Kivlahan devoted herself to learning everything she could about how to identify and give testimony about child abuse, sexual assault, and other forms of criminal violence. She observed hundreds of autopsies, studied forensic photography, shadowed detectives at crime scenes, and cajoled the county prosecutor into preparing her to be an expert witness. Soon, she was teaching the techniques of forensic evaluation to other care providers across the state. In the mid 2000s, she started volunteering with Physicians for Human Rights – offering evaluations to asylum-seekers and helping train doctors, nurses, lawyers, judges, and police officers in conflict zones how to document medical evidence of war crimes, including rape and the use of chemical weapons, and how to use that evidence to prosecute offenders. She has done this work in Guatemala, Sierra Leone, the Democratic Republic of the Congo, and most recently Syria, where people risk their lives collecting proof of the government’s atrocities that can be brought before international criminal courts.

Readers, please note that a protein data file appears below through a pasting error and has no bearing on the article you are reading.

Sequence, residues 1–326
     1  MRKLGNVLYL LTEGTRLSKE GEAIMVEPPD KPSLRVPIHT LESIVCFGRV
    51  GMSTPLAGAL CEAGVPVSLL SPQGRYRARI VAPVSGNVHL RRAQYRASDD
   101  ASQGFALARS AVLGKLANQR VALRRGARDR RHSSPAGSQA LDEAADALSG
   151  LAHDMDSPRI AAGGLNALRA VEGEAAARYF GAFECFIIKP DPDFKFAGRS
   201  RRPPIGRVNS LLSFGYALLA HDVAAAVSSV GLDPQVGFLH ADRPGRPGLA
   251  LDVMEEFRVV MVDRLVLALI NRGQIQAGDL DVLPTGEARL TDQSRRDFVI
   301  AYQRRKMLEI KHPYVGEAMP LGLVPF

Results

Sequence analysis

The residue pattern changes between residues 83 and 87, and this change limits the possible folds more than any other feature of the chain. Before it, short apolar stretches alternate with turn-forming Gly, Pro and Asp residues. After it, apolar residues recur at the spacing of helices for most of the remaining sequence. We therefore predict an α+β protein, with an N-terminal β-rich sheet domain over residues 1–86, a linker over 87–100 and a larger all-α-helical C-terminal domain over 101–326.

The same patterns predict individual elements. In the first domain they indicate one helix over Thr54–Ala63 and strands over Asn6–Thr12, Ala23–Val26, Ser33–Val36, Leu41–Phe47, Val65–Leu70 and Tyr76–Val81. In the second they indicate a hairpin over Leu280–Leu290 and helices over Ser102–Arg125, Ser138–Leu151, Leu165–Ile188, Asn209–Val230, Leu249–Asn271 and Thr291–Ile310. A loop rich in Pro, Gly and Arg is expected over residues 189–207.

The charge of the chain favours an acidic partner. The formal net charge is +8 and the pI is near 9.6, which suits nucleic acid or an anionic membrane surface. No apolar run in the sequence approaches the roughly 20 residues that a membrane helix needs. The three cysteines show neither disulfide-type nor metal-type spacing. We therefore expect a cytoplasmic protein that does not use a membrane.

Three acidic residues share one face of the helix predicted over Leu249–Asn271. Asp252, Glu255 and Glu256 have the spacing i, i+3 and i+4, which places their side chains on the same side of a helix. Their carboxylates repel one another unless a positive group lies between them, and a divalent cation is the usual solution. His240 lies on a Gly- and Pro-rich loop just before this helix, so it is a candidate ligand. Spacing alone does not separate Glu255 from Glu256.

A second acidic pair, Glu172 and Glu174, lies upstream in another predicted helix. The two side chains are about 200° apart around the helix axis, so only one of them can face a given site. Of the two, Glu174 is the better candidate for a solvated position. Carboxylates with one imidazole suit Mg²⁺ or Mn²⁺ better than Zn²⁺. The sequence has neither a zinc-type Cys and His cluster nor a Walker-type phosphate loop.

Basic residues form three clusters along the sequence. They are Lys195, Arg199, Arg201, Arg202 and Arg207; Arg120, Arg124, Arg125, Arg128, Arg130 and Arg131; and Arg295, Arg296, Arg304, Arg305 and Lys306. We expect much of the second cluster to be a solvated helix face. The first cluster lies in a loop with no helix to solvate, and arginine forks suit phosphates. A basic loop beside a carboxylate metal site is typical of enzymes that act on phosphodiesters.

Meanwhile, back in Missouri, Kivlahan continued to build a career in public health, eventually working her way up to director of the state’s Department of Health during the height of the AIDS crisis. After that, she bounced around the country – to Chicago, then Phoenix, then Washington, D.C., practicing family medicine and taking on various medical leadership roles – until, in 2016, she landed at UCSF as the executive medical director of primary care and a professor of family and community medicine. At that lunchtime talk in 2019, she recalls, she explained to a roomful of UCSF students how “a simple document from a doctor describing what happened” could save the life of an asylee. Soon afterward, Sergi, Jaradeh, and Gallagher got in touch with her. “We’ve heard there are clinics in other places that do this work,” they said. “Can we start one here?”